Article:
I never expected to visit a Baha’i holy place in Israel, let alone the most holy site in the Baha’i religion. Yet, here it is. Akko is the most holy place, and Haifa, just across the Bay, is the holy place. The founder of Baha’i, Bahá’u’lláh, was imprisoned in the old Akko Crusader dungeon, and at the end of his life was permitted to buy a house of his own within the city, where he spread the faith to those around him. From those humble beginnings Baha’i has grown to over 7 million adherents in 221 countries today.
In 1844, when Bahá’u’lláh was 27 years old, he “became a follower of the Báb, a Persian merchant who began preaching that God would soon send a new prophet similar to Jesus or Muhammad.” (That’s a quote from the wiki link embedded in his name.) Persia is Iran. So, the Iranian government tried to stamp out this renegade religion by executing the Bab and thousands of his adherents, but Bahá’u’lláh was spared. In 1863 he identified himself as the prophet the Bab had been predicting.
Today, people of the Baha’i faith consider Bahá’u’lláh to be a manifestation of God, the fulfillment of both Christianity’s and Islam’s endtime prophecies, and it was his grave site in Akko we visited yesterday. (The Bab was re-interred in a similar garden in Haifa, the second most holy place in the Baha’i religion.)
As I stood contemplating Bahá’u’lláh’s resting place, I thought of Jesus, and His grave. Bahá’u’lláh succumbed to the sting of death. Jesus Christ is risen.
But, I do not say this in disrespect to Baha’i, it is only what came to me as I stood by Bahá’u’lláh’s resting place. These people of a young religion have much to be respected for, and to learn from. At the heart of their practice, they are living out the Lord’s teachings in a manner Christians often have not, historically.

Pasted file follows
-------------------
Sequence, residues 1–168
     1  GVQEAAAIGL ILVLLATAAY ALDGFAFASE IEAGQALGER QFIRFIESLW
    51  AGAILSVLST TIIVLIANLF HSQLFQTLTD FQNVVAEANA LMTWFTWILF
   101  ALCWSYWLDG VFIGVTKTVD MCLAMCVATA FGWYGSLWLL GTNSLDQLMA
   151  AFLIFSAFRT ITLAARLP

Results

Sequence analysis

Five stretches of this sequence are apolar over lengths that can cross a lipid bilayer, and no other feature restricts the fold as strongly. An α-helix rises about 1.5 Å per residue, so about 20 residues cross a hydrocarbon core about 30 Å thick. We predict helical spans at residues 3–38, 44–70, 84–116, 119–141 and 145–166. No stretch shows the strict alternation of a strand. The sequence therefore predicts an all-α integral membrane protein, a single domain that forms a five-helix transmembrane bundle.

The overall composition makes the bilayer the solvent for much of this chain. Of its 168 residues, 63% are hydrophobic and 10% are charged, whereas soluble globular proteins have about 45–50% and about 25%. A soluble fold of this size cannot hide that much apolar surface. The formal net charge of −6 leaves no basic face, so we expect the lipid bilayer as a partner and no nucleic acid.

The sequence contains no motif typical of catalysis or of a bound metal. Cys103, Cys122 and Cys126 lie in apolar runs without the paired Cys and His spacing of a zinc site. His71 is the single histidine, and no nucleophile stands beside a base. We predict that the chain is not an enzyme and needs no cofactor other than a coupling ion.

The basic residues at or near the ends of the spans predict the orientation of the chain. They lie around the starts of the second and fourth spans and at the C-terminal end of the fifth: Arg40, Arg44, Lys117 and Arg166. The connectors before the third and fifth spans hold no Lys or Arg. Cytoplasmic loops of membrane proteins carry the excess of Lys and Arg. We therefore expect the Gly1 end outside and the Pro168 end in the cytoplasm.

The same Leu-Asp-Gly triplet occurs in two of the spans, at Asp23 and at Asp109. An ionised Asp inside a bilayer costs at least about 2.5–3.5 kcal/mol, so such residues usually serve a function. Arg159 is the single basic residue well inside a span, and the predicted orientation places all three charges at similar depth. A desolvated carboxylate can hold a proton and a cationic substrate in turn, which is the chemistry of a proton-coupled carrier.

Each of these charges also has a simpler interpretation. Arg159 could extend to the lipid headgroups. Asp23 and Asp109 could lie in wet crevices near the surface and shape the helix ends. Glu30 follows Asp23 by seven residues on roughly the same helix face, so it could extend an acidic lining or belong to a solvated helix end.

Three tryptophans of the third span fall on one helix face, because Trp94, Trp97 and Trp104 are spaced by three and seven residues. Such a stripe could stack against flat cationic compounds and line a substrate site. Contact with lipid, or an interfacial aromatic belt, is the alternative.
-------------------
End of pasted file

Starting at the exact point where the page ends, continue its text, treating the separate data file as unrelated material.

The Baha’i believe in one God. The difference is, “God is considered single and all-powerful. However, Bahá’u’lláh taught that religion is orderly and progressively revealed by one God through Manifestations of God who are the founders of major world religions throughout history; Buddha, Jesus, and Muhammad being the most recent in the period before the Báb and Bahá’u’lláh. Bahá’ís regard the major religions as
fundamentally unified in purpose, though varied in social practices and interpretations. There is a similar emphasis on the unity of all people, openly rejecting notions of racism and nationalism. At the heart of Bahá’í teachings is the goal of a unified world order that ensures the prosperity of all nations, races, creeds, and classes.”
There are a lot of links embedded in that quote from wiki, and if you’re curious, they provide some interesting reading. What I am interested in is not their form universalism, which is unlike what Jesus taught in the gospels. What strikes me is the way they see God, people, and the world around them.
The see God as one God, the God of all people everywhere in every age, whether or not they acknowledge Him. They feel God is too vast to be fully known and understood, so He reveals something of Himself through various prophets over time.
According to Baha’i, our purpose, the purpose of every person, is to “learn to know and love God through such methods as prayer, reflection, and being of service to others.” Remember when Jesus taught on the greatest commandment? Wiki goes on to say “Bahá’ís are taught to practice spirituality while engaging in useful work. The importance of self-exertion and service to humanity in one’s spiritual life is emphasized further in Bahá’u’lláh’s writings, where he states that work done in the spirit of service to humanity enjoys a rank equal to that of prayer and worship in the sight of God.”
Baha’i are committed to bringing equality, harmony, peace and beauty into the world, to—in my language as a Christian—live out a life of grace and shalom.
What would it be like if followers of Jesus, who walk the Way and live filled with God’s love and grace by His indwelling Spirit, were to embrace what that really means? Would we commit to bringing equality, harmony, peace and beauty into the world, to the praise of God, for His glory, and for the good of all those whom He loves?
[All images come from our Saturday tour of the Baha’i Gardens in Akko]